Serving all the communities of the Buckeye Lake Region

Focus is now on soil mixing

Photos By Charles Prince

Photos By Charles Prince


The 4.1 mile, 30+ foot wide stability berm is nearly complete. The bank run stockpiles at Lieb’s Island and the North Shore are gone. The remaining berm work is being done from the Seller’s Point staging area.

The Lieb’s Island soil mixing rig is moving a bit faster, but still seems to be averaging about 50 feet a day – well below the estimated 150 feet per day. The rig began working around Feb. 20 and as of Wednesday afternoon had passed 17 West Bank houses. That works out to be about 900 feet in two and a half weeks or about four percent of the dam.

Progress will get a boost beginning Thursday as the North Shore rig and grout plant are now in place (bottom right photo) and appear ready to get underway.

The slow pace can be attributed to the need for an excavator to almost continuously remove excess water (top left photo) as the rig drills the approximately six foot long, 40 foot deep trench. This water/grout mixture is placed bucket-by-bucket in a series of lagoons that snake along existing dam wall (top right and middle right photos). It looks like the canal has reappeared.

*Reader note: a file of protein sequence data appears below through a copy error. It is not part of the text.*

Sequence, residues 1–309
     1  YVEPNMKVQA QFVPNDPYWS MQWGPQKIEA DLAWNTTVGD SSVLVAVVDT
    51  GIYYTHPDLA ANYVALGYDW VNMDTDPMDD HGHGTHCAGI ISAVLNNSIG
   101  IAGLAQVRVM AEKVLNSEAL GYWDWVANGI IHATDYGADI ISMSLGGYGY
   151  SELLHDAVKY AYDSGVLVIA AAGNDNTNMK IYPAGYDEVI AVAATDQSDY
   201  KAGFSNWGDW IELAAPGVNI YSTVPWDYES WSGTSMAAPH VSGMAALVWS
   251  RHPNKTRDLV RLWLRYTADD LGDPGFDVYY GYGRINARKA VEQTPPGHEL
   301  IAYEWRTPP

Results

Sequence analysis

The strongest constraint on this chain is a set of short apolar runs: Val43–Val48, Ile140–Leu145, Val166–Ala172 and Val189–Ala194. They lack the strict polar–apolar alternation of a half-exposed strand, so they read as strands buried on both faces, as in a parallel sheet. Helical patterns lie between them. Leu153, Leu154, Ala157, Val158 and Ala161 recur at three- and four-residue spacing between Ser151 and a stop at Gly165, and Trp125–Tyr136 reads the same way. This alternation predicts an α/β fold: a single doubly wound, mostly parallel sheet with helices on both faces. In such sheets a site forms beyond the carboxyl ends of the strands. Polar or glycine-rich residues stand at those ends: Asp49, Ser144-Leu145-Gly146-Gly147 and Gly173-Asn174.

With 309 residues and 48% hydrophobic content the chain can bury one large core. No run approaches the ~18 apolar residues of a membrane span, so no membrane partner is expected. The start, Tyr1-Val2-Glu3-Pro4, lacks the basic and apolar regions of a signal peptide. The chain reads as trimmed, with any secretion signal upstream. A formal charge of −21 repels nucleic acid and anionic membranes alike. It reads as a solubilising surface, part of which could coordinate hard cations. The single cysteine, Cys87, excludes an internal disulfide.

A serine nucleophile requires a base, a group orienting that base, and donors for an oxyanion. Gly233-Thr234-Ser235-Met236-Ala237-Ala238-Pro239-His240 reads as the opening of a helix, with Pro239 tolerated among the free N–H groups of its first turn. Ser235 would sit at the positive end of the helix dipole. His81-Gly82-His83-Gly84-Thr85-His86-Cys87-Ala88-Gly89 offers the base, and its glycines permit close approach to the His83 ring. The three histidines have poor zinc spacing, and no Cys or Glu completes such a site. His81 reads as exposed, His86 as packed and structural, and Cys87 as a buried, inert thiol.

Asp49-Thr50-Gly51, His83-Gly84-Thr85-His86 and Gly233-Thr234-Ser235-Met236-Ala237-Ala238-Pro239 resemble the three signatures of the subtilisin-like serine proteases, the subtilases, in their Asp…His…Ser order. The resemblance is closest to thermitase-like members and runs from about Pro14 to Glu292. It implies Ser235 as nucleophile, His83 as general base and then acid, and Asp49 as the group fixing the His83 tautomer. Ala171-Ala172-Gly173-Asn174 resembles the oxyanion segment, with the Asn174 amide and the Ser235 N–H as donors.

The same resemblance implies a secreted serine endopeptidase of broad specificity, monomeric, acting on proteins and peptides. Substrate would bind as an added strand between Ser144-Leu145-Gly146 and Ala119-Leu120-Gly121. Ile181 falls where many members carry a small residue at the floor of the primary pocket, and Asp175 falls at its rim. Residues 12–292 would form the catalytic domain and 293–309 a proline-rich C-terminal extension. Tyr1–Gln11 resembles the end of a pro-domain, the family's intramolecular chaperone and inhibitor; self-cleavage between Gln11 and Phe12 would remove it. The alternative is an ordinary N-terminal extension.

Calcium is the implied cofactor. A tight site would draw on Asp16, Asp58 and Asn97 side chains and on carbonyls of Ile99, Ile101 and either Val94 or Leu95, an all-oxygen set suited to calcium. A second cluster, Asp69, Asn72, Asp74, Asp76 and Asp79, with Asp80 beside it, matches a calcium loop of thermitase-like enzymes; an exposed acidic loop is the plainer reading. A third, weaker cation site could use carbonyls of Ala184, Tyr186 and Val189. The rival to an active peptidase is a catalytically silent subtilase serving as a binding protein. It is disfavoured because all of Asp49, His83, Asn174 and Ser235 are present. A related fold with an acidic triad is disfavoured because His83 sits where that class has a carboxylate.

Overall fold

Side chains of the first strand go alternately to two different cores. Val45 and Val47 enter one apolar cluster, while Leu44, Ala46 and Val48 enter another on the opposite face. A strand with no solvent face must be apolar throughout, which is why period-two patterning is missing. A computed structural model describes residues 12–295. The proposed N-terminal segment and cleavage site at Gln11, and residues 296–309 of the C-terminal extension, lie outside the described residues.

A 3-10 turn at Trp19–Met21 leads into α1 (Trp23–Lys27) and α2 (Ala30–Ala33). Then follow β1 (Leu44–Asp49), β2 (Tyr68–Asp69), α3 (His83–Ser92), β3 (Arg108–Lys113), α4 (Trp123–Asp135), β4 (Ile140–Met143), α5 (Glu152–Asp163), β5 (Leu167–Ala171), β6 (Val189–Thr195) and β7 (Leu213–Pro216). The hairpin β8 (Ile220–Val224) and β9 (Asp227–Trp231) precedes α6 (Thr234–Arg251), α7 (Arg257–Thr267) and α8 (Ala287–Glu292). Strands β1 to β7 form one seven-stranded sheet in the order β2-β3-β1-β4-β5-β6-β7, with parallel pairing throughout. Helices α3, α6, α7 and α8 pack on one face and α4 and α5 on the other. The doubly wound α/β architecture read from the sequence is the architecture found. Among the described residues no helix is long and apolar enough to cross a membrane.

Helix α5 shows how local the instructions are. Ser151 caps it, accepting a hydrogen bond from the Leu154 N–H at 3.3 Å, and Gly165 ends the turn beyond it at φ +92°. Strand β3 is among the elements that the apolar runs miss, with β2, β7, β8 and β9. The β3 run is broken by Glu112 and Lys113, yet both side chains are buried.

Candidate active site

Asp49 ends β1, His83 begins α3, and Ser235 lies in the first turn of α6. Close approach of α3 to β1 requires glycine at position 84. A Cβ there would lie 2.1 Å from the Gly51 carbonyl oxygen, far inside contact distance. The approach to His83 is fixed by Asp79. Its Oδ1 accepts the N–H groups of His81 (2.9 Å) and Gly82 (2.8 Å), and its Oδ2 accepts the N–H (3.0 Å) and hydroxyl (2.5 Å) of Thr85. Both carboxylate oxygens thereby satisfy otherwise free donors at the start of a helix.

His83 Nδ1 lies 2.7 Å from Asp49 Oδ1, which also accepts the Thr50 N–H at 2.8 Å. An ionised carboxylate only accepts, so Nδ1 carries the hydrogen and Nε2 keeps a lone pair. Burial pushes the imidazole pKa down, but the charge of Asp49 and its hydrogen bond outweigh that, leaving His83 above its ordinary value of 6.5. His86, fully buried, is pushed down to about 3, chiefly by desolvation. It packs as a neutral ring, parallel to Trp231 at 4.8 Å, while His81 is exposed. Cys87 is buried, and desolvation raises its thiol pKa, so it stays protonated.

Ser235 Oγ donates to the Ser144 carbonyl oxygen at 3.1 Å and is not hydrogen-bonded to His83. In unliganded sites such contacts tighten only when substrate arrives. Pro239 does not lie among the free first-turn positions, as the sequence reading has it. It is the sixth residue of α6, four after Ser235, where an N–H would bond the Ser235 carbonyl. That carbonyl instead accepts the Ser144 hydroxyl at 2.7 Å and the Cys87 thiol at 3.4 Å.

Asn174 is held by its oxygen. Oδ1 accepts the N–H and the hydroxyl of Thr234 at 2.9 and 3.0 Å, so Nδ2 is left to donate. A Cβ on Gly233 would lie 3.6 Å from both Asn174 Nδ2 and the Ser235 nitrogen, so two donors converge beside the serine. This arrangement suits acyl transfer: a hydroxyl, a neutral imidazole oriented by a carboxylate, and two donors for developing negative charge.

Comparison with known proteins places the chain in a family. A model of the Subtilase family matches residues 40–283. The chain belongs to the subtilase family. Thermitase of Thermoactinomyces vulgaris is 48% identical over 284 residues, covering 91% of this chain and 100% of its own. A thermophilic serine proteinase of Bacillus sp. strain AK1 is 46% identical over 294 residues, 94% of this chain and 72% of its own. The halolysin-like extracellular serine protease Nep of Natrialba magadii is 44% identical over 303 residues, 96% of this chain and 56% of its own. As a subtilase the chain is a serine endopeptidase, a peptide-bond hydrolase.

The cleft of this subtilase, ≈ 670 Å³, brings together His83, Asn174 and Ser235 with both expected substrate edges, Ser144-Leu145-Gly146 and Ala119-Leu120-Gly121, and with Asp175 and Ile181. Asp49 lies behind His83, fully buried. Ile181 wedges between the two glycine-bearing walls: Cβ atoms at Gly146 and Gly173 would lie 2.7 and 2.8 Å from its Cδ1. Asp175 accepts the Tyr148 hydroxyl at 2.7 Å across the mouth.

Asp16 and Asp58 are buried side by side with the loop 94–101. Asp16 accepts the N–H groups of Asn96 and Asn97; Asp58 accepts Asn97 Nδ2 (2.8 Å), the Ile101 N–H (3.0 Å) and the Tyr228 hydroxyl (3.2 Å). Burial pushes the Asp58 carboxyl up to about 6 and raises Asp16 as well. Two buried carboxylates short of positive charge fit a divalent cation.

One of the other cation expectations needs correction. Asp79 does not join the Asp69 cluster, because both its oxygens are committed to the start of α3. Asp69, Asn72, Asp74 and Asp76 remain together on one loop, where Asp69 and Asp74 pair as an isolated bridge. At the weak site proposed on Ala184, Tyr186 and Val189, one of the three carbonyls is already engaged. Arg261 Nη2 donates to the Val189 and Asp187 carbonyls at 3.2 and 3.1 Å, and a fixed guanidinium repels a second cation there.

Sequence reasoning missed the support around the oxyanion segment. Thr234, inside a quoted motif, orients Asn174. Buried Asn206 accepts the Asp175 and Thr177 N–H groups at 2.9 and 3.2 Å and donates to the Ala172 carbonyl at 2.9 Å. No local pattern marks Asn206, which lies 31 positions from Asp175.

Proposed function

A recent equipment addition is a small dump truck that can rotate 180 degrees (middle left photo) that delivers dirt that the excavator uses to construct the containment lagoons and mix with the water/grout mixture. Working space on the berm is at a premium. Periodically, the excavator moves back down the berm, using its bucket to push the watered down grout further down the berm. As the slurry de-waters and is mixed with soil, it is finally removed and placed in a pile at Lieb’s Island where it is eventually loaded into a truck.

While a 50 percent productivity improvement might be possible – to 75 feet a day per rig, there appear to be too many steps required to address the water diluting the grout and its ultimate removal. Thanks to the lagoons, working space is now severely limited.

If both rigs could somehow achieve 75 feet per day for a total of 150 feet per day, it would take 23 weeks or nearly 6 more months working six days a week to complete the seepage barrier.



Work on creating a vehicle access point at the Buckeye Lake spillway began in earnest this week. The berm currently blocks use of the spillway, but the berm could be cut in an emergency. It appears the road fill will take about two-thirds of the initial spillway exit channel.







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